Digital Harbor Foundation’s 5th Anniversary Showcase

More than 200 youth, parents, and community members attended Digital Harbor Foundation’s 5th Anniversary Showcase, one of our highest attended showcases to date. Youth presented projects such as a flashlight made out of recycled materials, an Arduino programmed lamp, and an Arduino-powered cardboard gauntlet. Sam Mitchell, Sorensen Wynn, and Eli Edmondson used Python programming to create a multiplayer game in Minecraft. The object of the game is to destroy bricks under another player in order to increase your own score.

“I walked away for a couple minutes and when I came back, everyone was playing it!” said Sam.

showcase room

Jordan Bocklage programmed a headband with wipers for her glasses, a project she had been wanting to make for the past two years since she took the Maker Foundations course. Right before the showcase, she couldn’t find the code to make the wipers move in unison and had to problem solve an alternative way to achieve her desired effect. After she showcased her work, Jordan told her parents and staff that this was only one version of her final work and that more prototypes were to come.

Mayen Nelson used his knowledge of circuitry and digital fabrication he learned in Maker Foundations to create a working laptop using a Raspberry Pi. Mayen worked down to the wire perfecting measurements for his laptop’s frame and finding a screen that worked the way he intended.

rpi laptop

In addition to being a showcase of our youth’s hard work, this showcase was also an opportunity to reflect on the past five years since DHF had the opportunity to reopen an unused recreation center.

“We came to work every day to a mostly empty space,” said Director of Programs, Steph Grimes.

Since then, DHF has expanded to offer courses in digital fabrication and programming to youth from 90 schools in and around Baltimore as well job opportunities and college credit. Several youth have presented projects at the White House and, last year, a DHF project inspired Adam Savage’s SXSL installation. Youth have also championed initiative such as Makerettes, the 3D Print Shop, and Harbor Hacks, the first Baltimore hackathon created by youth for youth.

scratch game

scratch game

Andrew Coy, DHF’s Executive Director, unveiled the new Expanding Tech Education Initiative, a plan to explore expanding informal tech education for underrepresented communities using makerspaces. The initiative will be funded by a research grant from the National Science Foundation EAGER program. Three sites will be selected to participate in the 18-month pilot program. Each site will receive $25K in new equipment and consumable material for curriculum implementation. The intention of this research is to find ways to create sustainable and diverse makerspaces in communities that could benefit from them.

On Thursday, February 1st at 4pm, DHF will host a conference call that will go through the details of the program and the selection process. If you’re interested in learning more information about DHF’s plans and process for the initiative, RSVP for the informational call!

Maker Foundations Spring 2015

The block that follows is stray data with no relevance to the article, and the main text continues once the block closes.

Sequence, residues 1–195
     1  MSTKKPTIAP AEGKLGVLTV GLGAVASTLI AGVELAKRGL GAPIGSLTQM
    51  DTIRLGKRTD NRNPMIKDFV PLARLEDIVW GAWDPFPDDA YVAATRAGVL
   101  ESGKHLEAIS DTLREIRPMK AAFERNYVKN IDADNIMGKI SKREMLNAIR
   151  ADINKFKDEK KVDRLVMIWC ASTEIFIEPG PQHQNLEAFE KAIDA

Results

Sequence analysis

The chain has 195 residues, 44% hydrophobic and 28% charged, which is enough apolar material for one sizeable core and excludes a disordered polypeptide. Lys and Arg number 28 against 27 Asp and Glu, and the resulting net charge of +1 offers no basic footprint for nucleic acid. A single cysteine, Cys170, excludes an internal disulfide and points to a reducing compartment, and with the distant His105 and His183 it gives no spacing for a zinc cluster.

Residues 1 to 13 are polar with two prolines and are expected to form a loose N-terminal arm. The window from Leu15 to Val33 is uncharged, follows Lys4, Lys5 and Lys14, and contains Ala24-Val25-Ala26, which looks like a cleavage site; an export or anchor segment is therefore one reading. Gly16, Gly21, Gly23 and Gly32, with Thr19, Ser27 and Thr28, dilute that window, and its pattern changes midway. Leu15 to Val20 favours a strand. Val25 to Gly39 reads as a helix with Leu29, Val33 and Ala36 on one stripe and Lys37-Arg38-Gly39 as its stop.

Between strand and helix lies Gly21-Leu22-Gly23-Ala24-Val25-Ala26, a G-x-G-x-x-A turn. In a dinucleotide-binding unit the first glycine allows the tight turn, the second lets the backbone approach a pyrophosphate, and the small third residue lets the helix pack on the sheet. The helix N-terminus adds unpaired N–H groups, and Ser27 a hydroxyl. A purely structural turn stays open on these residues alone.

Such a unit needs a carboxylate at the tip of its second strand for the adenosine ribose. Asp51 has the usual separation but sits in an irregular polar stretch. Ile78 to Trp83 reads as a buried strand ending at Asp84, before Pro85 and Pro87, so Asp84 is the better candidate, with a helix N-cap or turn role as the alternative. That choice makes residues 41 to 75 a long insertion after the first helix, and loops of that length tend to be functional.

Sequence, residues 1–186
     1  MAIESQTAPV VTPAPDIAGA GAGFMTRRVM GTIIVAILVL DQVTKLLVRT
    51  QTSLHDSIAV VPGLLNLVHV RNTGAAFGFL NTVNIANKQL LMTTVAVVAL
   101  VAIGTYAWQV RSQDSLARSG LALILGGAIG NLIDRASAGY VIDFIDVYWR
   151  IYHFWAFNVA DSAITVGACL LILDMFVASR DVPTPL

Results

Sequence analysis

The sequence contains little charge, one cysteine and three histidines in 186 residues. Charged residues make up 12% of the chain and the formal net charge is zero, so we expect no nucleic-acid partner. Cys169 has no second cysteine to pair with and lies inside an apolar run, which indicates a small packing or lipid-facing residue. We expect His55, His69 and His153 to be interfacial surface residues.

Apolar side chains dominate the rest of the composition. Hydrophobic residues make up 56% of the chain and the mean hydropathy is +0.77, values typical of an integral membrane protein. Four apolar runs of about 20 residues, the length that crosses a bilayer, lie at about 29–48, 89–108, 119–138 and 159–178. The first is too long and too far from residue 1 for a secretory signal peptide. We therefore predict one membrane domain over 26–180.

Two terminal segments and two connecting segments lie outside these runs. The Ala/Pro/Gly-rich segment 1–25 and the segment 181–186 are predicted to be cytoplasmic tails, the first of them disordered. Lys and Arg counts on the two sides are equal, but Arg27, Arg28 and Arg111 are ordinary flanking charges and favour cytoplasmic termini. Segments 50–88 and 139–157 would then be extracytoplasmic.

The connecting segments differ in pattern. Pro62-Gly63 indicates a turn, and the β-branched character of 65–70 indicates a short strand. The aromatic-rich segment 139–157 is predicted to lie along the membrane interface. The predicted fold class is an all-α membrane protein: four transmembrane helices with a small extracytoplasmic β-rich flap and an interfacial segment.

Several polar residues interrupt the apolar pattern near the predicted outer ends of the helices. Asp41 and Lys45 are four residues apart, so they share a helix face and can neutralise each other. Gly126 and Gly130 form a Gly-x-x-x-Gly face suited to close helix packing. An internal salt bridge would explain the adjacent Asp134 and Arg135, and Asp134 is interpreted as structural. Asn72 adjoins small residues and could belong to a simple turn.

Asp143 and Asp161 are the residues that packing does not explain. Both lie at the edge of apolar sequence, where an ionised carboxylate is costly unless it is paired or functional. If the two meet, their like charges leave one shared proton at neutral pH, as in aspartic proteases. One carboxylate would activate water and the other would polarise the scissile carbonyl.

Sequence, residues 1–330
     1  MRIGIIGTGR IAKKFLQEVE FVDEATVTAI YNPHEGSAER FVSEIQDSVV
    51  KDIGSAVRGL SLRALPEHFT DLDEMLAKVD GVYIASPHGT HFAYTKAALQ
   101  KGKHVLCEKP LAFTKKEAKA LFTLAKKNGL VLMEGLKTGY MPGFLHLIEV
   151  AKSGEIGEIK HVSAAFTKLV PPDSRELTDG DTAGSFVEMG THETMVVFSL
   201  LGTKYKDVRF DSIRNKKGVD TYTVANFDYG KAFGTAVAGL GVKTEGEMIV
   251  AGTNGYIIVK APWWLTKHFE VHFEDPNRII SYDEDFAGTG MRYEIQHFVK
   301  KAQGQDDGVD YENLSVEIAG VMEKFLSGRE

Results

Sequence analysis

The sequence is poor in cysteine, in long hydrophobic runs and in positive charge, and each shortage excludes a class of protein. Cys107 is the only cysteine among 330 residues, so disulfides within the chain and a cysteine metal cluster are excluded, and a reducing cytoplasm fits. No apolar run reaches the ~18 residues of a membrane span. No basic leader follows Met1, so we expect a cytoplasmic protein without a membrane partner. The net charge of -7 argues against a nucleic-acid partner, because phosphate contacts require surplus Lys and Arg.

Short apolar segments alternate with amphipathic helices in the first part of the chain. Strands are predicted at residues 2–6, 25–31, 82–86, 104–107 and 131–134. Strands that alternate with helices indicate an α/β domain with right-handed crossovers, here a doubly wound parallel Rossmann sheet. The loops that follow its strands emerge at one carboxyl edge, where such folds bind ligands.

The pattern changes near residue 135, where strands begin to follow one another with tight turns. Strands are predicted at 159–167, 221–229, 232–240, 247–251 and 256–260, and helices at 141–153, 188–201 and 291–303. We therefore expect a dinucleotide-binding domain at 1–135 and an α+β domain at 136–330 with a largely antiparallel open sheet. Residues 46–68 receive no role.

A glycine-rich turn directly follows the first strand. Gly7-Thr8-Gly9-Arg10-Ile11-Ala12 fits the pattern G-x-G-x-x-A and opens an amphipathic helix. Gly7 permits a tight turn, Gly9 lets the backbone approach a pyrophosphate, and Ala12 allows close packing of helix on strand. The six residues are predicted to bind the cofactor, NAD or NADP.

The Spring 2015 cohort of Maker Foundations is now in full-swing!

This newest group of 54 youth have persevered through the winter weather disruption and have begun to create amazing things! The Mega Lab is continually buzzing with excitement as the Maker Foundations youth are eagerly learning new technology skills.

As an introductory Maker activity, the group was tasked with creating “a robot that draws.” No additional information was provided other than the limitation of one electric toothbrush and the option to use only up to four markers. Programming staff decided to not show any pictures of previously completed Artbots because we wanted to see what the youth would create. The incredible creativity of the youth was demonstrated through the range and variety of design. Everyone enjoyed putting their creations to the test, and the cohort began to share their ideas and designs with each other.


The youth also were eager to learn about Internet credibility through participation in a fact-finding activity called “Release the Kraken” where they evaluated the reliability of online sources to determine whether or not the Kraken is real, imaginary, or somewhere in the middle. This activity spurred a great group discussion about online credibility where the youth had to defend their claims based on their sources.

Makers at Work

This cohort is particularly interested in sharing their ideas and processes. At the start of Maker Foundations, we ask each youth to write their thoughts about what they think being a Maker is, and then put their post-its on our decorated Maker whiteboard. Everyone was excited to write down their answers, and many of the youth included their names so that their peers could see their responses.

Makers Working 2

At this point, the youth have been working through the Graphic Design and Game Development modules, using their mini-projects for the Graphic Design lesson as assets for use in Game Development. This integration of content is exciting to witness, as the youth are already working toward a larger goal by creating characters, logos, and backgrounds for their games.

The youth are beginning the 3D Printing lesson in the next week and there is already lots of buzz and discussion about what they’ll create! This is always a popular module with the new youth, and this cohort is demonstrating the same eager anticipation.

We’re all looking forward to seeing what the Spring 2015 Maker Foundations youth will create in the upcoming months!